2010-2011 SJU Colloquium
One of the most enduring images of justice is the Roman goddess “Justitia" or "Lady Justice." We can see her carved out of stone and placed in front of court buildings around the globe. She often holds a scale in one hand and a sword in the other. In a few depictions, she is also blindfolded. These are powerful images: justice must be fair, defended, and blind. But the imagery can and often does fail us, especially when the poor and marginalized are involved. The reality is that justice has a face. But it's not the one carved in stone or behind a judge's bench. Instead, it is the face of the refugee escaping persecution, the family displaced by war, the migrant worker advocating for safe working conditions, and the many others who are suffering dehumanizing forms of injustice. This talk encourages us to strip the blindfold from our eyes, recognize the face of justice in those around us, and seek to build communities rooted in peace and justice.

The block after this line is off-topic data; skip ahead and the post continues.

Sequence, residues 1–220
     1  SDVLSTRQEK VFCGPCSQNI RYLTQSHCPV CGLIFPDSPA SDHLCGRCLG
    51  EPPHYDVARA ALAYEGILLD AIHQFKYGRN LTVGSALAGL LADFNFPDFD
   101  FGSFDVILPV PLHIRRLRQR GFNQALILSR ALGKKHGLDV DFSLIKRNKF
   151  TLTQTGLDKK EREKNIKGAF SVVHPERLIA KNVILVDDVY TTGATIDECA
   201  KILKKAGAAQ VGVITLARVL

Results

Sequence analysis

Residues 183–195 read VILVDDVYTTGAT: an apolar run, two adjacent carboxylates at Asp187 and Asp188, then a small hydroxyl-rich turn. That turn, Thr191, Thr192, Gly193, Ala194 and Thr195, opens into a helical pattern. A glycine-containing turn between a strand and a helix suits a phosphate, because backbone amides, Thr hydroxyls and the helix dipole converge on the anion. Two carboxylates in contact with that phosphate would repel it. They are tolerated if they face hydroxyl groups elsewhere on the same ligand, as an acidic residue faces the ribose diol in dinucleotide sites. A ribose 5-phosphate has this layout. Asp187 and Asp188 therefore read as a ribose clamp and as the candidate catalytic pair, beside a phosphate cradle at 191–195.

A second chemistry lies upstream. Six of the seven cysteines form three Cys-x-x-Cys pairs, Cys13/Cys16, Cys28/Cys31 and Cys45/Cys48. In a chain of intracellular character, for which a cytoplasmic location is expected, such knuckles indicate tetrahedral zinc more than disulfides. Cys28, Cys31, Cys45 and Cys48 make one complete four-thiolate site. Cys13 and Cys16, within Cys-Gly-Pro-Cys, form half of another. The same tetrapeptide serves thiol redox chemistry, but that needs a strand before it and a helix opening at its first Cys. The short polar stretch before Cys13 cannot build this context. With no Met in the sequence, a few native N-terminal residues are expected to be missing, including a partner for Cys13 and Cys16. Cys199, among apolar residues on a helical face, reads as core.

Mary Jo Leddy
Mary Jo Leddy is the director of Romero House Community for Refugees and a lecturer in religion and society and adjunct professor at Regis College, University of Toronto. A journalist and writer, she is founding editor of Catholic New Times, an independent Catholic newspaper published in Canada. Active in many human rights and peace groups, including the Ontario Sanctuary Coalition and PEN Canada, she is a frequent radio and television commentator and international lecturer. Her publications include “Radical Gratitude" (2003);”At the Border Called Hope: Where Refugees Are Neighbours" (1997); "Reweaving Religious Life" (1996); "Memories of War", "Promises of Peace" (1990); and "Say to the Darkness, We Beg to Differ" (1988).
The 2010-2011 Joint School Boards Lecture